But it was as short as the Duke had said, a simple couple of sentences, ordering him to return to Carlovain at once. It gave nothing of the reason for the summons nor did it mention any funds for his travel. Tenber sighed. His family was far from niggardly with the money they had sent to him, but the trip would be a financial strain upon him. He might even have to sell Zephyr in order to raise the funds, though such would be a shame indeed.

Well, the weather was fair, he could if need be ride horseback all the way back to Carlovain, though that would require him to pass through the Netherlands to do so, a people with no love for their northern neighbor, a foolish distrust that had been born centuries before when the Dutch had been part of Burgundy and Carlovain a territory its Dukes had lusted after. Indeed, the earliest Carlovain kings had been Burgundian (though independent from the Grand Duchy of Burgundy), but never had any king of Carlovain given even lip-service to a mere Duke however powerful!

Well, since he was to report to Carlovain at once, according to the letter, the possibility of delay in traveling through the Netherlands made his only real choice that of travel by boat. Trade at least was brisk between Bremen and Heslov, the capital of Carlovain, and ships sailed down the Weser, up the Carlovain coast, stopping at Fediresta, then on around Point Winseran to Heslov. The trip would take a week to ten days’ at most, and he would simply visit his home in Heslov and beg funds from his father until he could collect some pay from the Royal Chancellor.

He looked up from his note and the Duke was standing there still. “I thank you for this letter.” he said, deciding not to mention the breach of protocol. “I shall with your kind permission depart at once.”

“You should stay here the night and take the boat to Bremen on the morning.” the Duke said.

Tenber bowed again. “You are kind.” he said. “But I shall need to gather my belongings.”

“Nonsense.” the Duke said. “I’ll send one of my men down to collect it for you. Heavens knows they all have little enough to do most of the time anyway. And you’ll need someone to see to your things while you’re here.”

The Duke turned and saw the young servant standing there. “Are you still here, you fool?” he said.

“ did not send me away.” the young man stammered.

“I shouldn’t have had to.” the Duke said and the young man started to leave. “No, wait.” he said. “Don’t go rushing off like that, I might have need of you.”

“Yes, my Lord.” the man said, obviously giving up.

“This is Lieutenant Tenber of the Carlovain Royal Guard. He will be spending the night, so show him to a room upstairs and let him rest and freshen up. Dinner will be at sundown.”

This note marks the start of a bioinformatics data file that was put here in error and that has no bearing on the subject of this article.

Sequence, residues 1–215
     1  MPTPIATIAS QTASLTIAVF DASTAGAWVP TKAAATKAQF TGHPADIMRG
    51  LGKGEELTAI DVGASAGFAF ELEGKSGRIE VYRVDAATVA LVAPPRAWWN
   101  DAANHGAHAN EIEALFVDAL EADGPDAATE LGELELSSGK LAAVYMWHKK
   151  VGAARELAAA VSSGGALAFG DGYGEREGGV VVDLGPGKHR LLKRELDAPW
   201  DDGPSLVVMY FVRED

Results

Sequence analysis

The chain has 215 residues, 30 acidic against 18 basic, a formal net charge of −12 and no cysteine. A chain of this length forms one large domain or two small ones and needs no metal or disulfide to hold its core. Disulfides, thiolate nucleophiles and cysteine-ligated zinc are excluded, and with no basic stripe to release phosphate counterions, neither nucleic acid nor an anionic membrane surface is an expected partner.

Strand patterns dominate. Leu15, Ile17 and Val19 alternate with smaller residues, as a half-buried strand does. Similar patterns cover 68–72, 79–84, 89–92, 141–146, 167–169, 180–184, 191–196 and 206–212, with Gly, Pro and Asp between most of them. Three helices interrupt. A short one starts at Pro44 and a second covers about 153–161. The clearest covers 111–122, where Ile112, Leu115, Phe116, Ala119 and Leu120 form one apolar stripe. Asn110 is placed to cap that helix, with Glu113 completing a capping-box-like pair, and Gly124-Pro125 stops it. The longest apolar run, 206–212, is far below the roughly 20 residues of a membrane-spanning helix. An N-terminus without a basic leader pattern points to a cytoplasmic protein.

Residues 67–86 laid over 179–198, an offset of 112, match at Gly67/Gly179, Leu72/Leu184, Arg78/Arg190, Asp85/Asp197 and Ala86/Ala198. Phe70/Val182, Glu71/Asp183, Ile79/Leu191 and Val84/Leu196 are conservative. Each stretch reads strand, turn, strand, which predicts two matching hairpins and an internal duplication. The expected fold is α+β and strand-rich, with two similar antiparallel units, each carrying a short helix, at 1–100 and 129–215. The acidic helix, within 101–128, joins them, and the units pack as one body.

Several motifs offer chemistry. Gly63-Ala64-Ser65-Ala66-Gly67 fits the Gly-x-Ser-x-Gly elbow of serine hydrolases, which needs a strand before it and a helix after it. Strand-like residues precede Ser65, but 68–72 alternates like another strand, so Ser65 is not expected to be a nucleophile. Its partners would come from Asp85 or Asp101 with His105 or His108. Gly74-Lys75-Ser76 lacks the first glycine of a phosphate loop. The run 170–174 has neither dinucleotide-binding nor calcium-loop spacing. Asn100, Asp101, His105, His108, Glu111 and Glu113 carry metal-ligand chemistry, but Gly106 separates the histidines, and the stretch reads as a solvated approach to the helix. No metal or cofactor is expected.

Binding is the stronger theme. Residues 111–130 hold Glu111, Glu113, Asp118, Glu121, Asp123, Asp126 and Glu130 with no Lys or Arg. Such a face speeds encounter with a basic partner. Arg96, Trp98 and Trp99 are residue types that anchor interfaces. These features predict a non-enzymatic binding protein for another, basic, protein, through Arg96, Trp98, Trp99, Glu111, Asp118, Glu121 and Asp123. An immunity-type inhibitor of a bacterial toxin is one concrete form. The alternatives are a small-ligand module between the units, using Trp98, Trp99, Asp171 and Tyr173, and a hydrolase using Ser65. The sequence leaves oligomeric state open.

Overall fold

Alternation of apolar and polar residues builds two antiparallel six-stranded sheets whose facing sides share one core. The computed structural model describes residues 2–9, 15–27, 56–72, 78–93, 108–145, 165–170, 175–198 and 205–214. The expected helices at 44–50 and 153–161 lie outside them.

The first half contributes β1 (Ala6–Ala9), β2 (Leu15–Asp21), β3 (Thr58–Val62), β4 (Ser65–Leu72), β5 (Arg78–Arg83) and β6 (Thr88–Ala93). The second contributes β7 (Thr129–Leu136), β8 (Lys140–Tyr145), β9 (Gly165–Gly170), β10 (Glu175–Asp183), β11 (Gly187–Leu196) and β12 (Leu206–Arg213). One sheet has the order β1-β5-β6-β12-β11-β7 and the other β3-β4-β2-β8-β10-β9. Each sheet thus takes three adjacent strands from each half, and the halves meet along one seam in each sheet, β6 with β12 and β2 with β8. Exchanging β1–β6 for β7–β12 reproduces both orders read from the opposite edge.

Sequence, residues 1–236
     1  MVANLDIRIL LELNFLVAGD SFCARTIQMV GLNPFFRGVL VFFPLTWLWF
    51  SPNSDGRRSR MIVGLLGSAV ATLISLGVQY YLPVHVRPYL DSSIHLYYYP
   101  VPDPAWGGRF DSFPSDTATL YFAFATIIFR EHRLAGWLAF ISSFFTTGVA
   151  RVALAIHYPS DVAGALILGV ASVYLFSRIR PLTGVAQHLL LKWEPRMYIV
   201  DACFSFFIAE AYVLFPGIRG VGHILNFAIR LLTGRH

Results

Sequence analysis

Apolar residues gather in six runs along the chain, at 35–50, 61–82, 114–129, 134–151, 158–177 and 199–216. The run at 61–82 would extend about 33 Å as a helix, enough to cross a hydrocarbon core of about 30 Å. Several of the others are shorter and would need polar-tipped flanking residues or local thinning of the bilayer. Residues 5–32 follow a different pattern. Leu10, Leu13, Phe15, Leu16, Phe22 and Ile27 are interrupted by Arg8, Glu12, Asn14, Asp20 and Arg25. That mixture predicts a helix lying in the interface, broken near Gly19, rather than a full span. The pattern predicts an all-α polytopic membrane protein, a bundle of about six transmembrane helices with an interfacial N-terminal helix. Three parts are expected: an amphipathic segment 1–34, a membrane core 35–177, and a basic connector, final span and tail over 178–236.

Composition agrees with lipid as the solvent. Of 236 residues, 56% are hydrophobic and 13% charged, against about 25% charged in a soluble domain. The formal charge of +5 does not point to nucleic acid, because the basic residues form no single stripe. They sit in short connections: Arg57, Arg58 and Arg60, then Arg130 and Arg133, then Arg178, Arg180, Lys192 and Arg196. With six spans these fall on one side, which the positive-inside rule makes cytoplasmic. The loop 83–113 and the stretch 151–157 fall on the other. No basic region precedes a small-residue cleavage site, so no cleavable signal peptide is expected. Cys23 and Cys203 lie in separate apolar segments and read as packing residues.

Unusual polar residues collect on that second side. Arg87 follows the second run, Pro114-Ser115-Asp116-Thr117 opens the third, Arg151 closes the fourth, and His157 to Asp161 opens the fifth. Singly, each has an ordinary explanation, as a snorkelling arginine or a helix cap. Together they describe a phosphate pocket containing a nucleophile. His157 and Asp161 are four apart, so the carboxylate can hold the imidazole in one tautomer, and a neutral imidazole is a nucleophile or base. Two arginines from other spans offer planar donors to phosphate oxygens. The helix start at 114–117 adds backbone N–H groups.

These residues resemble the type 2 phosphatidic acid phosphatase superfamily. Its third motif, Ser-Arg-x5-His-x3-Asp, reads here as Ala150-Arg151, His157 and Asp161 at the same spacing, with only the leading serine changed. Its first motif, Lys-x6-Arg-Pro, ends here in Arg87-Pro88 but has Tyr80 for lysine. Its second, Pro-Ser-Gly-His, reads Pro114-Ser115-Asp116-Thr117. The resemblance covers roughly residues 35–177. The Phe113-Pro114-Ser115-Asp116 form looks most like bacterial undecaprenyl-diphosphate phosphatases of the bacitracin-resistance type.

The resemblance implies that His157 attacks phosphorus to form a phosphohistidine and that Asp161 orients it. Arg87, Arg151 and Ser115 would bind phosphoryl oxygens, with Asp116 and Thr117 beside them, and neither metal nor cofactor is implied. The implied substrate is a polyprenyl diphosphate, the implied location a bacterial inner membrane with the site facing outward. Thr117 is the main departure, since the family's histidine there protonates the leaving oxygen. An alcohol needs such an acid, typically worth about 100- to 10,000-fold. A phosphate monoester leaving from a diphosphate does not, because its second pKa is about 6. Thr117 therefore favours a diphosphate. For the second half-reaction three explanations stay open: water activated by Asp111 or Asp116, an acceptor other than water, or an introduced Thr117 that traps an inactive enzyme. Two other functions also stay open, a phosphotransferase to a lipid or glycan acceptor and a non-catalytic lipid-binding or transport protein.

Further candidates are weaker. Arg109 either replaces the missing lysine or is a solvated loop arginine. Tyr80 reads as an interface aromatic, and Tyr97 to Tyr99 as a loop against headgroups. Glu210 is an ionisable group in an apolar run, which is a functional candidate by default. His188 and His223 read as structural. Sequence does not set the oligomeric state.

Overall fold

“Yes, my Lord.” the servant bowed to the Duke, and then to Tenber and said, “This way, if you please, sir.”

Tenber followed the servant upstairs and found himself in a room that let out onto an upper veranda with the same view, even better. He was brought some wine and then left alone, and looked at Bremen, thinking about the journey to come.

“Enjoying the view?” came a familiar voice behind him.

Tenber turned around, this time with pleasure. “Alban!” He exclaimed. “What are you doing here?” Alban was a fellow officer though a native to this region of Germany. Unlike Tenber’s uniform with its purple jacket, which was the same he had worn from the court of Carlovain (a mere red sash marked him as an officer, there was no other uniform used), Alban wore a green and yellow tunic over a white shirt and high black boots over a quite thin set of leggings.

“Someone had to bring you your things.” Alban said. He pointed to the bundles in the corner.

Tenber was surprised by this. It was too soon for a messenger to have gone to the camp, gathered up all his things, and then ferried them here. “You knew I was leaving, then?” he said.

“The order came as soon as you’d left.” Alban said. “I volunteered to come with them, otherwise I wouldn’t have had a chance to say my farewell.” A smile lit the slender face. “I shouldn’t have cared for that.”

“Nor should I.” Tenber said. “It seems your lord has been reading my mail without permission.” He frowned. “I wonder how many other messages may have arrived for me that I never received.”

“Few or none, I think.” Alban said. “My Lord Duke is inquisitive, but I haven’t yet found any reason to suspect him of more than that. I think only that curiosity got the better of him, nothing more sinister.”

“Perhaps.” Tenber said. An awkward pause, then Tenber asked, “Will you be staying the night here?”

“Nay, not I.” Alban said. “I must return to the camp by nightfall, for my duties call. I merely wished for a chance to bid you safe journey.”

“And I wish you all good fortune in the future.” Tenber said.

Alban opened his arms and Tenber stepped into them to hug his friend.

“I shall miss you greatly.” Tenber said as he felt the strong back ripple under his hands.

“And I you.” Alban said. “Your country is fortunate indeed to have such a one as you in her charge.” He hesitated. “I can spare a few moments more. Are you expected downstairs?”

“Not until sundown.” Tenber assured him.

“Good.” Alban said and kissed Tenber’s lips. Tenber kissed him back, not surprised by this advance, for he and Alban had made love a score of times or more in the past six months. They might have done it longer, had Tenber been more sure of the young man, and had he not been among people who referred to Carlovainers as “Buggers” and not always softly and to his back. For himself, he had figured on living a monastic life for the three years of his study, until the day when a few drinks too many had meant he had taken Alban back to his quarters, and there found the hands unwilling to let him go. Tenber had afterwards regretted it, for drink would make a man do things he would regret, but Alban had found occasion the next night to join him once again and so their love affair, furtive but solid, had begun. Duties had separated them often, but the bond was firm as any could be when the ending was so clearly written beforehand.